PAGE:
Thinking outside the squeeze box
By staying ahead of the technological curve, the Irish Traditional Music Archive has become a one-stop shop for anyone curious about our cultural heritage, as its director, Nicholas Carolan, explains
Reference archive: singer Eddie Butcher at Féile na Bóinne in 1977. Photograph: Joe Dowdall/ITMA
Reference archive: fiddler John Loughran, in a 1977 drawing by Eamonn O’Doherty. Photograph: Eamonn O’Doherty/ITMA
Reference archive: Nicholas Carolan (centre) with colleagues at the Irish Traditional Music Archive. Photograph: Dara Mac Dónaill
Reference archive: from A Collection of the Most Celebrated Irish Tunes Proper for the Violin, German Flute or Hautboy, the first notated collection of Irish music, from 1724. Photograph: ITMA
A quarter of a century is a long time by anyone’s reckoning. Governments form and fall, families begin and grow up, and artists come and go, their reputations sometimes ebbing and flowing according to nothing more than the insistent rhythms of life.
The Irish Traditional Music Archive saw the light of day in 1987, when Nicholas Carolan, its director, first rented space in what is now the Irish Film Institute, in Temple Bar, and was then owned by the Religious Society of Friends – a building more commonly referred to as the Quaker meeting house.
Established with Arts Council funding, the archive is a national reference and resource centre for the traditional song, instrumental music and dance of Ireland, a one-stop shop where musicians, music lovers, researchers and the simply curious can dip a toe in or dive into our traditional-music heritage.
Musicians come seeking tunes, singers trawl for songs and lyrics, and students look for source material for research. Artists such as Iarla Ó Lionáird have been known to phone from studios abroad, up against recording deadlines, in search of lost song verses.
Although some might assume that the archive is forever focused on the past, Carolan emphasises its role as a repository of contemporary traditional music. In addition to its rich bequests – check out the remarkable Inishowen Song Project section of itma.ie – the archive’s sound recordings, books and serials, sheet music and ballad sheets, photographs, CDs, videos and DVDs ensure that it is a living, breathing ecosystem that draws its lifeblood from its ties with those who sing, dance and play traditional music at home and away.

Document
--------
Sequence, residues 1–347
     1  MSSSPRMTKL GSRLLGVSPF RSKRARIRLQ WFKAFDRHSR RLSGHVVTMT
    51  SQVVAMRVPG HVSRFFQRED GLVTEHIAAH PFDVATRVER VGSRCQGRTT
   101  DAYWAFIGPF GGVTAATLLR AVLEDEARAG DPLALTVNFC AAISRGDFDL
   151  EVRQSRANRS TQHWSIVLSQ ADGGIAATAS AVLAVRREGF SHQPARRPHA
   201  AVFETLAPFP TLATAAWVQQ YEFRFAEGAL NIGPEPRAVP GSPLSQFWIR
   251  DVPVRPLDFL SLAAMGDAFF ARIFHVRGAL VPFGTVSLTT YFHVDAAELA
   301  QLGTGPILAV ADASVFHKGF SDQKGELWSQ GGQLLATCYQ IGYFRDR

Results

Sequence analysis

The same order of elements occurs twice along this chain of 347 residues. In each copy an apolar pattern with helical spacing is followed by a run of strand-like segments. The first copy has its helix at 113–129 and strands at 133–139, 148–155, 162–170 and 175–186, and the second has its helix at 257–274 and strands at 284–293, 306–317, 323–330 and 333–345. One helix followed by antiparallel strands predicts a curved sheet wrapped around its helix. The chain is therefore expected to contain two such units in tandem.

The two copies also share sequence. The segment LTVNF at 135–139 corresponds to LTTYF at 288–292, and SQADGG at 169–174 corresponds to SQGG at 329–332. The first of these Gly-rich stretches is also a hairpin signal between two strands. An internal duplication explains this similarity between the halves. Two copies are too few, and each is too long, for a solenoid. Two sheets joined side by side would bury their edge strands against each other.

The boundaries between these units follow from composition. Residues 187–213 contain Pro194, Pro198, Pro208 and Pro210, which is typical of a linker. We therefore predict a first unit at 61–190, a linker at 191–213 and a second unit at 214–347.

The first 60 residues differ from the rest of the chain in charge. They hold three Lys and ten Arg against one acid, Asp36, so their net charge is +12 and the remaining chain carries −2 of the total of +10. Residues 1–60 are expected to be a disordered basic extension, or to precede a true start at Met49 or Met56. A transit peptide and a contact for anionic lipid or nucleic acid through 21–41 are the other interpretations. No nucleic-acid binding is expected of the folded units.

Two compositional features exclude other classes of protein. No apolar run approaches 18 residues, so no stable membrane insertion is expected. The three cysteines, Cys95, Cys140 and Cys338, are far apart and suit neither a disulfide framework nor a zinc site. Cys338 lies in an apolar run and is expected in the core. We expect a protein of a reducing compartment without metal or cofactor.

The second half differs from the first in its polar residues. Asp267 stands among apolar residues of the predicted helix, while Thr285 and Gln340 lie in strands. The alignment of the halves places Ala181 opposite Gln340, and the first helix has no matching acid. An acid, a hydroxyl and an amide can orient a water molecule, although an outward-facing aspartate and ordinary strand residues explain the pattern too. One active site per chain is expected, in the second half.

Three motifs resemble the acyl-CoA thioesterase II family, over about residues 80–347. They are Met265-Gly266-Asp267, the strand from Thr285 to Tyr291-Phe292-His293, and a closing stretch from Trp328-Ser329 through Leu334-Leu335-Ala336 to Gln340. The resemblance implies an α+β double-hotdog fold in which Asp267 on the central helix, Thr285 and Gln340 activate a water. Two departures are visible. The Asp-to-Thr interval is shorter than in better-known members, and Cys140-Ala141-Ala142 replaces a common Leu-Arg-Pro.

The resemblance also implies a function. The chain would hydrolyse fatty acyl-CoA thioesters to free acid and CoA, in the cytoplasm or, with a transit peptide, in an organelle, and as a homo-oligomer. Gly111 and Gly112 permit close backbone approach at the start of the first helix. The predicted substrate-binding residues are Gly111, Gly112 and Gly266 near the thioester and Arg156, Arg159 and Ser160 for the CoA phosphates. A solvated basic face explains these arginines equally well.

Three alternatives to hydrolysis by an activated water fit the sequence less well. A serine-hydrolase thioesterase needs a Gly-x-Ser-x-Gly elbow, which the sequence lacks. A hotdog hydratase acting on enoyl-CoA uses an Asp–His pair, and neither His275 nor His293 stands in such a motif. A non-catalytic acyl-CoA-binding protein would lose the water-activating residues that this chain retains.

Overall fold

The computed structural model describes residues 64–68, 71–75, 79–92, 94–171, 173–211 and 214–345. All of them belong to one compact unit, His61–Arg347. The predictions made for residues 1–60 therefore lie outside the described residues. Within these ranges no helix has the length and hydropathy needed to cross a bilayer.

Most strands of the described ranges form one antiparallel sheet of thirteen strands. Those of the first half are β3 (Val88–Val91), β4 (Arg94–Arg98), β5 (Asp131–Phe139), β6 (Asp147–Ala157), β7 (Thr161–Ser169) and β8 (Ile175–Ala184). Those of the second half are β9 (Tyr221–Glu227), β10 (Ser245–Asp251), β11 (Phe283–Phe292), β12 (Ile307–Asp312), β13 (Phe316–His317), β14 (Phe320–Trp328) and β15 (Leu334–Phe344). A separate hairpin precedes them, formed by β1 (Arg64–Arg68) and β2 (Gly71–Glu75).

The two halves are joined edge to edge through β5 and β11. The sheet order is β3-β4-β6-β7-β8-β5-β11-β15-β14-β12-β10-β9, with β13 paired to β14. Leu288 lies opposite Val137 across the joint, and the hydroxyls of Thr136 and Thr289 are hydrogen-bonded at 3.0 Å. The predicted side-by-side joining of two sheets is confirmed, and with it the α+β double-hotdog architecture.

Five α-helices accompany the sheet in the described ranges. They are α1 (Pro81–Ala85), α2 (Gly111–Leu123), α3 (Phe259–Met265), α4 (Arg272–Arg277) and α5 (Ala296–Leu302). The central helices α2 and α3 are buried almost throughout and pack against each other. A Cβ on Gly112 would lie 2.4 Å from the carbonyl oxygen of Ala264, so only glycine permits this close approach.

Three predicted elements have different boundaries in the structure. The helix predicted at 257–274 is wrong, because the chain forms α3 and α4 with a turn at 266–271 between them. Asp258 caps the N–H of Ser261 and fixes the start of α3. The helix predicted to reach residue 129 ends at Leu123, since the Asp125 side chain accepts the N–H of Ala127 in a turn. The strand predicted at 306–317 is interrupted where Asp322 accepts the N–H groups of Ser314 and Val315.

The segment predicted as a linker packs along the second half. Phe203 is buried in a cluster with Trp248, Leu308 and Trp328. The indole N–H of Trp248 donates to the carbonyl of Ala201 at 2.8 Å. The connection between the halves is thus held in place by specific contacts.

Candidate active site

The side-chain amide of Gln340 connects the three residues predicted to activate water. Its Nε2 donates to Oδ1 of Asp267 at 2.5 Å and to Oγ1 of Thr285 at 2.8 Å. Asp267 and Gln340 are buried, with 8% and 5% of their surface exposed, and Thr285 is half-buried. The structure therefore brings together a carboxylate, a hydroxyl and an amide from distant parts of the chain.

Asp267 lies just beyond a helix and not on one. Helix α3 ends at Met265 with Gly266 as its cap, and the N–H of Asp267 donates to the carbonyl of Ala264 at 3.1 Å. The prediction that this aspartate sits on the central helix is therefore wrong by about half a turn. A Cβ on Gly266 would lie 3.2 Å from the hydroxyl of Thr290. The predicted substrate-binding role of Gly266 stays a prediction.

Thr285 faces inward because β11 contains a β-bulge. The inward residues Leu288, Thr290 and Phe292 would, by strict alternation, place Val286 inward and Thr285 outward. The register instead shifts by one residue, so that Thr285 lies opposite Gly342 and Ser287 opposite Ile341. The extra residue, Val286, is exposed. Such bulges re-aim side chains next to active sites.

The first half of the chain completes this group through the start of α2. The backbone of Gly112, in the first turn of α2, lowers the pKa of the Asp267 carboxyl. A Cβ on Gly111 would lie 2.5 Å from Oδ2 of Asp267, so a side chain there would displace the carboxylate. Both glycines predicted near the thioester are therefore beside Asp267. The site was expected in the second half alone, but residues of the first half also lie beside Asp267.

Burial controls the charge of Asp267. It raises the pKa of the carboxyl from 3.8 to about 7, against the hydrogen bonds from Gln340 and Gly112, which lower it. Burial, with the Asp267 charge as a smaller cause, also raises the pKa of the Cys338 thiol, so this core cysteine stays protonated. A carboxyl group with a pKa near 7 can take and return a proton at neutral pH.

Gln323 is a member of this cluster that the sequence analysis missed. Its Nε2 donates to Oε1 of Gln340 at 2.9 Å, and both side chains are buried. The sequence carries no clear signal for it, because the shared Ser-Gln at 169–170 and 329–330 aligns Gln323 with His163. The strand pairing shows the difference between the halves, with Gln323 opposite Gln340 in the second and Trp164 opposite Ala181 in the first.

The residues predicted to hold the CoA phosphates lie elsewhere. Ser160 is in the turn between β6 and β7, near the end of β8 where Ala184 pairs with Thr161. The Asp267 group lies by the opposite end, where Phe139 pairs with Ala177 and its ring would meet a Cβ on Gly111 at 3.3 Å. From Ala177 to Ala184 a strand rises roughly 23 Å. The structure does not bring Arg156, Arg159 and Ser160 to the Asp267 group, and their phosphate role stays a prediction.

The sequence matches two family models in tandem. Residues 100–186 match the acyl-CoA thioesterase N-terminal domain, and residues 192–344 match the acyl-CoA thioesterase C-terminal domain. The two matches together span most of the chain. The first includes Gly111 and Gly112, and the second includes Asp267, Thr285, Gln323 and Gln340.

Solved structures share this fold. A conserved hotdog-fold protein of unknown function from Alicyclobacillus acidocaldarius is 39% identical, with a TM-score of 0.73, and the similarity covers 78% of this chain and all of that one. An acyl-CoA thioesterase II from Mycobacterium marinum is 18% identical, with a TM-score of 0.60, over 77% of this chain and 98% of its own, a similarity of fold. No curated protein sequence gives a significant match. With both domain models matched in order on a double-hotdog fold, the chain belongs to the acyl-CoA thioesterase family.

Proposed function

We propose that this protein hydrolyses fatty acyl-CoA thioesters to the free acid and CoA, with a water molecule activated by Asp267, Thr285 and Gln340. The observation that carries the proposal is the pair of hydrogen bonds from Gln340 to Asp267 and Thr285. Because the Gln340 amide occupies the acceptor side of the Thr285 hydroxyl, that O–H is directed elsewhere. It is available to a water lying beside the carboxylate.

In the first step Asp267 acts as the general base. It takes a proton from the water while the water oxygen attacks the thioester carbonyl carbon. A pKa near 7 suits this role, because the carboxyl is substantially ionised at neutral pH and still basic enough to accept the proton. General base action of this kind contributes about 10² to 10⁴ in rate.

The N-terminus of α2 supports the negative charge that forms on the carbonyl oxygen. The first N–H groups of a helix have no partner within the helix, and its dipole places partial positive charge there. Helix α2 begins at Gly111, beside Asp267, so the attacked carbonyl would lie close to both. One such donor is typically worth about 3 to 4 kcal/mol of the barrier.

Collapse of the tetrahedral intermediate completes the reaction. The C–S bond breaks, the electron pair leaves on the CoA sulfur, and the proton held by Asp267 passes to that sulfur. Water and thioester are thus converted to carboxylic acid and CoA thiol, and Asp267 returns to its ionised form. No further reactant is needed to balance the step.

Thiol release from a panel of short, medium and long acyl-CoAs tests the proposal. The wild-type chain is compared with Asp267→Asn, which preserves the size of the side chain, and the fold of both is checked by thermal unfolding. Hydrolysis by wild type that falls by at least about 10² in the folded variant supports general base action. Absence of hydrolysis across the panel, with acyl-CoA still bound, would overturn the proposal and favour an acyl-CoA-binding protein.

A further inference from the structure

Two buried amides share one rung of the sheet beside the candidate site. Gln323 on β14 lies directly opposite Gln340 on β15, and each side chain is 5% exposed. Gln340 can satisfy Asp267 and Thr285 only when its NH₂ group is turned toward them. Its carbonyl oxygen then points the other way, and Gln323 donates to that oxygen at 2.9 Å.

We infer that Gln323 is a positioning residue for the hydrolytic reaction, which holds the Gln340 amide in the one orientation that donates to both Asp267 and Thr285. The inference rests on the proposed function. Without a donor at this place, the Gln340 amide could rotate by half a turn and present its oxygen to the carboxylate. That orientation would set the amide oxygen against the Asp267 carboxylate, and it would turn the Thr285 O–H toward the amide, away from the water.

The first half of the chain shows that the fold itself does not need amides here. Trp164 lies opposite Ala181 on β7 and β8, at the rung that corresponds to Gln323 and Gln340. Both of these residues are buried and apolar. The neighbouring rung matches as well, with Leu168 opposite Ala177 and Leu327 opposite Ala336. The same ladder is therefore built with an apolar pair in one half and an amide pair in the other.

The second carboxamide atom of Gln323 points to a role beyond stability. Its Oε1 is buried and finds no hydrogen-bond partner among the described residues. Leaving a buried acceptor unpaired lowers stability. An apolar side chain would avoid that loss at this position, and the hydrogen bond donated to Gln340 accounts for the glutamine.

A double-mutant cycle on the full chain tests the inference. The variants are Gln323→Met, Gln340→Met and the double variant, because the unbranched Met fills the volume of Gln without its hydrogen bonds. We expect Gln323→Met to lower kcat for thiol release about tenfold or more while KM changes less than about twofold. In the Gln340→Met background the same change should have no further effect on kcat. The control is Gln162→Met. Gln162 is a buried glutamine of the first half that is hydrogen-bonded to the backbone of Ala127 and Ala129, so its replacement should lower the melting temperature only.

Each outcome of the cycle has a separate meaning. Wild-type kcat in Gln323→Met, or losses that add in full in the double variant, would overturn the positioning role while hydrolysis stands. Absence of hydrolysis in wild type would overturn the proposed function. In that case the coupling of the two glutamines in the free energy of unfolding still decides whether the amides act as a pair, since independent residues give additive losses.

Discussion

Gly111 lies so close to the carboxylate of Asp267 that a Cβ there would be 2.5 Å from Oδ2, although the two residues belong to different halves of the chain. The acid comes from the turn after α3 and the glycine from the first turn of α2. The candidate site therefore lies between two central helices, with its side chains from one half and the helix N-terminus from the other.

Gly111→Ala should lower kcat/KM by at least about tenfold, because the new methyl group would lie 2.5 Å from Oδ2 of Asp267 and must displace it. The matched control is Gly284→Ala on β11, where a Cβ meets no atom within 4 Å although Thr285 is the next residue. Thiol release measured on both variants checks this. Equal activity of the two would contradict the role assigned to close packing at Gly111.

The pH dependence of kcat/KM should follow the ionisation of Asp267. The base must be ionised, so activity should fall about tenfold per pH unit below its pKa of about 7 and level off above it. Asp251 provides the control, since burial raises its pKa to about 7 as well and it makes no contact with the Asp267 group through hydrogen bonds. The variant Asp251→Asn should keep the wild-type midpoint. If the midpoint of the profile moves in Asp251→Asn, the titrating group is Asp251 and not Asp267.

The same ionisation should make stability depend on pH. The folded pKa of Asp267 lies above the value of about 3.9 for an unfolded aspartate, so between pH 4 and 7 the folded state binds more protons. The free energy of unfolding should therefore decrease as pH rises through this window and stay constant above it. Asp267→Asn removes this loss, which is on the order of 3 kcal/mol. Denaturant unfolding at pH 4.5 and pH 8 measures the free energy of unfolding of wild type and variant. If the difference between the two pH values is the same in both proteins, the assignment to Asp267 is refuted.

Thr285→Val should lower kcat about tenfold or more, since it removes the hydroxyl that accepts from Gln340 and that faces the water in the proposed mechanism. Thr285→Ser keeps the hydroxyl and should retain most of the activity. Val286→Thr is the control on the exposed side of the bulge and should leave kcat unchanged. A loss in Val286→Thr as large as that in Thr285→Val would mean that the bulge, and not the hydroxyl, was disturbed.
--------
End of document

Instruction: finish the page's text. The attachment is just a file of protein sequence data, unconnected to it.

And tomorrow night the Irish Traditional Music Archive hosts its first concert: the sold-out Taisce, at the Abbey Theatre. Performers include a new quartet – Liam O’Flynn, Mícheál Ó Súilleabháin, Paddy Glackin and Neil Martin – as well as Matt Molloy, Donal Lunny, Emer Mayock and Len Graham, among others.
Carolan is a former teacher from Co Louth with a lifelong interest in the discography of Irish music. Before he laid a record or a book in the archive he visited archives around the world, including the British Library, New York Public Library and Rutgers university jazz archive, in New Jersey, to see how others went about collecting historical and contemporary artistic material.
Carolan’s quietly spoken but meticulous personal style is widely known, thanks to the RTÉ television series Come West Along The Road, which is now in its 15th season, and has more than 400,000 viewers.
Carolan is a modernist with a keen interest in the past. Although some people might have harboured sepia-tinged ambitions for a traditional-music archive that would gather historical documents and recordings to preserve them in aspic, Carolan ensures that the Irish Traditional Music Archive stays ahead of the technological curve, capturing the past to preserve and protect it alongside the present (largely though digitisation).